Lightening strike sparks wildfire near San Francisco, California

© Jennifer Lance
Saddle Fire Trinity County

An out-of-control wildfire raging through a Northern California forest as the state battles a devastating drought has forced authorities to warn about 250 people to evacuate or prepare to leave their homes in a remote town, officials said on Friday.

The fire in the Shasta-Trinity National Forest follows an outbreak of lightning-sparked blazes in neighboring Oregon that prompted authorities to warn residents that drought and low mountain snowpack could lead to a destructive fire season.

California's so-called Saddle Fire has charred at least 880 acres (360 hectares) since a lightning strike sparked it on Tuesday, officials said.

The flames are tearing through forest land, much of it in areas scorched by a 2004 blaze that has left dead and downed trees on the ground which could provide ample fuel for the latest wildfire, said Shasta-Trinity National Forest spokeswoman Andrea Capps.

Also the area has many damaged trees with limbs at risk of falling, Capps said. Firefighters have not managed to build any solid containment lines against the wildfire.

"It makes it a really dangerous situation for our firefighters out in the field," she said.

Authorities placed a handful of residents on the outskirts of Hyampom, a town about 200 miles (320 km) north of San Francisco, under mandatory evacuation orders on Wednesday and told the rest of the town of about 250 people to prepare to leave if flames get near, said Trinity County Sheriff's Department spokeswoman Lynn Ward. Those orders remain in place.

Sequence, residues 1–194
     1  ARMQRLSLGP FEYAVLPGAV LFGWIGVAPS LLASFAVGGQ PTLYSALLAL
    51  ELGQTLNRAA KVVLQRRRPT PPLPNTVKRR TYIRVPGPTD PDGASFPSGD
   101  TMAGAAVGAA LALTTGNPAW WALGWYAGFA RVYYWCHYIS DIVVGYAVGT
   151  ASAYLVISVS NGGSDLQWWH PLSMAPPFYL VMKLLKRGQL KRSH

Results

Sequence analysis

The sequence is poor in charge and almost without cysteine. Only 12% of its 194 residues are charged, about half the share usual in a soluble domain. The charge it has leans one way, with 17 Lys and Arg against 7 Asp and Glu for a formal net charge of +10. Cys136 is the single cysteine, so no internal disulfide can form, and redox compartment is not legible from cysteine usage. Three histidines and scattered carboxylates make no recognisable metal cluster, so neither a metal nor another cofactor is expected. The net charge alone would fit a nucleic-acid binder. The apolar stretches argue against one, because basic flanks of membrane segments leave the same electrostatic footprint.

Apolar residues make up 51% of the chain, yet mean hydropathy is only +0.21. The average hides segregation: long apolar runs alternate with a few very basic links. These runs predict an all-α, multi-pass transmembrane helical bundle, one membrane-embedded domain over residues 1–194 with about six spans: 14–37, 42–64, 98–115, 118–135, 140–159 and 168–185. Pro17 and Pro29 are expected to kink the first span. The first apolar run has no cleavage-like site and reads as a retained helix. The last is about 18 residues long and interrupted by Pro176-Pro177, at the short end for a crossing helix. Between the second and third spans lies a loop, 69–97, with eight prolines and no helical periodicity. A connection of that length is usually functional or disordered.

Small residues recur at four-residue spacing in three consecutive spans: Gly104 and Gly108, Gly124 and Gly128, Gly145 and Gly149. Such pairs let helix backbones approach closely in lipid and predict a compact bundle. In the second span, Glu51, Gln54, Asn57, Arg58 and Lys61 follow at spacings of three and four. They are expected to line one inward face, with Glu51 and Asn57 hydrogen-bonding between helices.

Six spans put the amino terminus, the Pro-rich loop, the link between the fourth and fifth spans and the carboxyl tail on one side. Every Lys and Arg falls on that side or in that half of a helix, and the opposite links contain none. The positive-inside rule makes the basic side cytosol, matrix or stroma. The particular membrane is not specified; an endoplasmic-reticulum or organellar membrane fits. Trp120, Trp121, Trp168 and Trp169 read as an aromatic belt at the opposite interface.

One front of the fire is just a couple miles north of the town, and if it advances to the southeast the blaze could destroy homes, Capps said. So far, the blaze has not destroyed any structures.

Nearly 200 firefighters are battling the fire, setting backfires to clear trees that could be consumed by the blaze and dropping flame retardant by helicopter, she said.

The wildfire is the first major Northern California blaze in an annual fire season that normally runs from June to September in that region, Capps said. It also is the nation's highest-priority wildfire, she said.

Since it began, the fire has advanced in the late afternoon hours when winds and heat increase and moisture levels drop, Capps said.

"We have lots of resources out there, we're feeling good about the people we have on the ground, we feel hopeful about being able to catch this in the next few days," she said.